4th Annual VIRI meeting in Szeged

The 4th annual VIRI meeting took place on 4-5 October 2018 in Szeged, Hungary. The event was hosted by the First Hungarian Responsible Innovation Association. The small gathering included 14 participants from Australia, the UK, the US, and throughout Europe.

The meeting began with a joint sightseeing tour which enabled the participants to discuss historical and current developments in Hungary and in Szeged.

In keeping with a VIRI tradition, the first day began with presentations from early-carrier researchers: Johnathan Hankins discussed connections between beauty and RRI, Cian O’Donovan discussed different types of human agency within automation, and Nikoletta Nádas detailed attitudes towards RRI among researchers-in-the-making. The day concluded with an panel debate about the accomplishments of and challenges facing RRI as a scholarly field.

The second day focused on the practical implementation of RRI: Armin Grunwald presented a sophisticated new framework for understanding technology assessment, Tsjalling Swierstra detailed the “mainstreaming” of RRI in the Dutch case, and Sujatha Raman provided an overview of the Australian context for RRI in light of emerging capacities for “responsive novelty.” After a working lunch devoted to a special issue of the Journal of Responsible Innovation on RRI Futures, the meeting turned to a challenge-solution game on self-driving cars, facilitated by Béla Kézy, an international consultant in urban development based in Hungary.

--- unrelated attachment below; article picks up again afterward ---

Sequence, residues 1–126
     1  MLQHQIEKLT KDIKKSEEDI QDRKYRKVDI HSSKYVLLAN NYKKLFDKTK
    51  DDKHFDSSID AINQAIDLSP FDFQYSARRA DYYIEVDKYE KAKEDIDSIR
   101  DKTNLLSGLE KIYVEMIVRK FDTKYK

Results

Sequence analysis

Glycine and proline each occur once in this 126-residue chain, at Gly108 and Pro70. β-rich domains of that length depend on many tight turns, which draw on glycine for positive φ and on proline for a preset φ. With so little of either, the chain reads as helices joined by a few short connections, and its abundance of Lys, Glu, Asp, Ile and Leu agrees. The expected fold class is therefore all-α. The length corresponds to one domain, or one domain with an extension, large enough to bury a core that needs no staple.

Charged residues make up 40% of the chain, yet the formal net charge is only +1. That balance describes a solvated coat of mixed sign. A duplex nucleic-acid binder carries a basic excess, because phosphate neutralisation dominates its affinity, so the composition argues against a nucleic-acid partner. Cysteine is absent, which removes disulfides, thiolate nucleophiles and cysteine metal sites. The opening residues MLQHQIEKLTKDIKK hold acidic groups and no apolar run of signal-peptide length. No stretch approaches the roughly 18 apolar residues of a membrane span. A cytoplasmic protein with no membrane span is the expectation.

Filling out the day, Hannot Rodriguez introduced anticipation as a socio-epistemic practice, Christine Aicardi critiqued RRI in neuro-ICT, and Miklós Lukovics presented the results of his recent poll of public attitudes towards self-driving cars in Hungary. The meeting concluded with project reports from Péter Kakuk, who introduced the SMART-Map project (Horizon2020); Biborka Janáky-Bohner, who detailed the results of the D-STIR project (Danube Transnational Programme); and Beáta Udvari, who gave a short introduction to ROSIE project (Central Europe).

The organizers also made sure that participants experienced the unique characteristics of the host country: traditional Hungarian food was served with traditional Hungarian live music, including an authentic Hungarian gipsy band. Participants were coached in learning and performing a traditional Hungarian song, “Az a Szép.”

The next meeting is expected to be held in Maastricht, the Netherlands.